As mothers, we don’t really think much about trusting our barista, or the cashier in the grocery store. But our child’’s pediatrician? Quite a different matter.

Our pediatrician is an extension of the care and attention that we provide kids. More so, they are a significant element of our sense of security. With a competent and hopefully likeable pediatrician on our roster, we can rest knowing that we’re not alone should medical emergencies arise.

How do you go about finding a pediatrician you can trust? Here are some tips:

Solicit referrals. Ask friends and neighbors if they can make recommendations. While the yellow pages are convenient, paid ads and listed numbers can’t give you a clear picture of the factors you’d want to look for in a doctor. These factors include general demeanor, professionalism, reliability and medical expertise.

So ask around: Are they always at the office when they say they would be? Do they show up for appointments? Can they be contacted during moments of emergencies? Are they likeable? Are they accurate when it comes to diagnosis? If people you respect talk about a pediatrician favorably, chances are you have a lead worth pursuing.

Ask for credentials. There’s nothing wrong with asking a clinic or a hospital for your pediatrician’s credentials — it’s your right to know who your service-provider is! Knowing their institutional and academic affiliations, even their additional training and specialties, can go a long way in keeping your mind at ease about letting them care for your children.

A quick internet search wouldn’t be amiss either. Check if your doctor is a certified member of the American Board of Pediatrics, and if they are licensed in your state. Passing the standards of professional and governmental regulatory institutions is a must for all practicing pediatricians.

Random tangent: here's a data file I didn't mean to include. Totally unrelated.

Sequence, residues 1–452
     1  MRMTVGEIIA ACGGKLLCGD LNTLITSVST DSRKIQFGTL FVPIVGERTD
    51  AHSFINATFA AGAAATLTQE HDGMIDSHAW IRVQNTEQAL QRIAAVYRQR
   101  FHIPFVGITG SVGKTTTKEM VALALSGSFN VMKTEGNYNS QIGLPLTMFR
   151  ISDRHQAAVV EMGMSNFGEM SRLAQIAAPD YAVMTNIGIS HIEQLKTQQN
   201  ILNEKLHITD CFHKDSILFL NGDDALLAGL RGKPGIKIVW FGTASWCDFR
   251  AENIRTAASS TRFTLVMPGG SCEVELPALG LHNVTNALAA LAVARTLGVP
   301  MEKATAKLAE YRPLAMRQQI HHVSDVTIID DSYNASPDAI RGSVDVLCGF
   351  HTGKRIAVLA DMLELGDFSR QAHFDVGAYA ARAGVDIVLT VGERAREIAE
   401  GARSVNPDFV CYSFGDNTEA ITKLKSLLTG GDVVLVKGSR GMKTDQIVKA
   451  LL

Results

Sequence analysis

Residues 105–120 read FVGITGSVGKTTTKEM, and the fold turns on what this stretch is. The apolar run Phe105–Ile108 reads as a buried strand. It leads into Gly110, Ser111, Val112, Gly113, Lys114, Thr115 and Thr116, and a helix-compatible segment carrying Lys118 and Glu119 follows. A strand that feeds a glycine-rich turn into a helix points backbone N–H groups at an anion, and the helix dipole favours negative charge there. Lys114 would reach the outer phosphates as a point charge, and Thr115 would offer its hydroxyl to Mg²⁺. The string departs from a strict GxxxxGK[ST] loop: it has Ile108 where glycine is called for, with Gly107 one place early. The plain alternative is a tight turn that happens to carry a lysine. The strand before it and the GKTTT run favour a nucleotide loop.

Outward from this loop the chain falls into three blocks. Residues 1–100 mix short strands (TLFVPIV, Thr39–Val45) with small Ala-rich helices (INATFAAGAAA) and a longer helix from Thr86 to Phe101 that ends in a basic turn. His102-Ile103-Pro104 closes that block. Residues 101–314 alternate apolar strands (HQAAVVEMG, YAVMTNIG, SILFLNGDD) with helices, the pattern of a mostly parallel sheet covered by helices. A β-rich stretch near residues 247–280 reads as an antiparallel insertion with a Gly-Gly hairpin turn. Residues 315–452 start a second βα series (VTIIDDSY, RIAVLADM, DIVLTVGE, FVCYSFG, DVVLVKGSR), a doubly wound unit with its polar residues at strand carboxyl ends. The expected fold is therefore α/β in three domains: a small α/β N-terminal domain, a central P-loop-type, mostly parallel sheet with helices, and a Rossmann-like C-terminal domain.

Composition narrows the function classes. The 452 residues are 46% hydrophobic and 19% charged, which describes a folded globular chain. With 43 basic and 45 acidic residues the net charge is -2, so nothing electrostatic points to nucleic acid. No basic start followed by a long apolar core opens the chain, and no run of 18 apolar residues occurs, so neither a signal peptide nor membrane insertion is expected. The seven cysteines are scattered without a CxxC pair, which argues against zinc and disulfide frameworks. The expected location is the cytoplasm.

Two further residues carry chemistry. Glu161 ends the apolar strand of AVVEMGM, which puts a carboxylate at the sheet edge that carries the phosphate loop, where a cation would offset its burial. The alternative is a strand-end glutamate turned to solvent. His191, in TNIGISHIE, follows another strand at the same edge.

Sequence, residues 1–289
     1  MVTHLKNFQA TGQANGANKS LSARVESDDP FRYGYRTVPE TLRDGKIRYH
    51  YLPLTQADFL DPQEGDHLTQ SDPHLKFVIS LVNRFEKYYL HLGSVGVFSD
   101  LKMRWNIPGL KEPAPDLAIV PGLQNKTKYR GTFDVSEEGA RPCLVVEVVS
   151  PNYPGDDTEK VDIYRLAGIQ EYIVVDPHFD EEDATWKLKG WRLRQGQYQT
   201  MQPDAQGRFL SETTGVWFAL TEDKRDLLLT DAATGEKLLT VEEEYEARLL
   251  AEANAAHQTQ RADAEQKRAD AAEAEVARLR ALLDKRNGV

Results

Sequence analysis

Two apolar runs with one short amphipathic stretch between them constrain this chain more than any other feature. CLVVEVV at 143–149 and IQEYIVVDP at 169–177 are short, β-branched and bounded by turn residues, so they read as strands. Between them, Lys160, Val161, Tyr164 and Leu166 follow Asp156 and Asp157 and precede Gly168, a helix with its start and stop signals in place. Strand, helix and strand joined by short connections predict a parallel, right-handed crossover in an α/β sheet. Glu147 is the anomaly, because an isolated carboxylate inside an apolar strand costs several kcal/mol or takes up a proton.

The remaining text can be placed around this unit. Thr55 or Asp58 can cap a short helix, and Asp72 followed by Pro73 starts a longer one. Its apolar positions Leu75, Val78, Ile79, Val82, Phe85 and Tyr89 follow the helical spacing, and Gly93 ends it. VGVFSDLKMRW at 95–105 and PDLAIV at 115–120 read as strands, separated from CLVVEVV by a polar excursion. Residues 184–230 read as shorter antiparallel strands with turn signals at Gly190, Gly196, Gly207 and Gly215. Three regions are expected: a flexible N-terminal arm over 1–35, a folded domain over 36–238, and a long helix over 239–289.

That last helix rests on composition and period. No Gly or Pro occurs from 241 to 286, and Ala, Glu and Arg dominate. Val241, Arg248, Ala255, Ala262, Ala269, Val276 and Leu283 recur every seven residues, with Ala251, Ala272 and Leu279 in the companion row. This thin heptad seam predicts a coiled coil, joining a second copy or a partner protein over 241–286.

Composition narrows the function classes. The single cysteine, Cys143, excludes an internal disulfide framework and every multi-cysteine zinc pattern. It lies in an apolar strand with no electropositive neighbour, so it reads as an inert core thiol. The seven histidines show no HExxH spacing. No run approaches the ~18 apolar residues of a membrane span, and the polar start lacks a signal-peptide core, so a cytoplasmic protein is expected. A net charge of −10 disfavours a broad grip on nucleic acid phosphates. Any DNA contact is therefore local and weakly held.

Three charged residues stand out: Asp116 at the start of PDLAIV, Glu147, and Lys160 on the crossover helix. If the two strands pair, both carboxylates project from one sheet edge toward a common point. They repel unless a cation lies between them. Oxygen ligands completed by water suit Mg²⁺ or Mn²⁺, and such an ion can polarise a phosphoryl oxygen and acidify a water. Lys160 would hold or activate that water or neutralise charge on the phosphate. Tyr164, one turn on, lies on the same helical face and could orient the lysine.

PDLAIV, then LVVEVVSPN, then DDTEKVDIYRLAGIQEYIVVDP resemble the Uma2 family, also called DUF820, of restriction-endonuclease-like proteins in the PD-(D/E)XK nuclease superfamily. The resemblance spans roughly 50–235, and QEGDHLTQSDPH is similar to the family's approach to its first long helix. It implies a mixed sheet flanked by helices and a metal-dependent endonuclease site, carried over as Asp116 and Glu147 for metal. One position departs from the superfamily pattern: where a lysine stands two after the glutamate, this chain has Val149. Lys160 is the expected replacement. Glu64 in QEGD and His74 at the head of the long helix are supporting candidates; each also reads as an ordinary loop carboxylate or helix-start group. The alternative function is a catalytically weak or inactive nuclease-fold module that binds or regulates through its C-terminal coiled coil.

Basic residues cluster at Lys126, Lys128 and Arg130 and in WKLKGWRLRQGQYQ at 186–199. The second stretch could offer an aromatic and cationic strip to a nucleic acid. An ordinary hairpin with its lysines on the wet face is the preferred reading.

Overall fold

Meet them! Set a general consultation and see how well they interact your children. Do they speak to your children in a way appropriate to their age? Are they gentle with their check-ups? This aspect is so important because while a doctor may get along well with other children, they won’t necessarily get along well with yours. Sometimes it’s just a chemistry thing! You don’t want to make going to the doctor traumatic, especially if your kids are really young.

But remember, it’s not just how they relate with your children that’s important. It’s how they relate with you too. Do you like this person? Does he or she listen to you well? Does this doctor consider your input?

More importantly, do you agree with core issues about your child? It wouldn’t hurt to ask a doctor about his opinion on things that matter to you, for instance the use of natural vs. laboratory pharmaceuticals. If you and your doctor have major issues to sort our, that can make your relationships strained and difficult for the future. Go with your gut instinct. And lastly, trust your feelings; a mother’s gut instinct, if you must call it that. If there’s something about a pediatrician that makes you uncomfortable (whether it’s based on fact or not), then it might not be a good idea for you to set up a relationship with this doctor. After, your relationship with your pediatrician is likely one that would last for many years — and you can’t build it on a rocky foundation!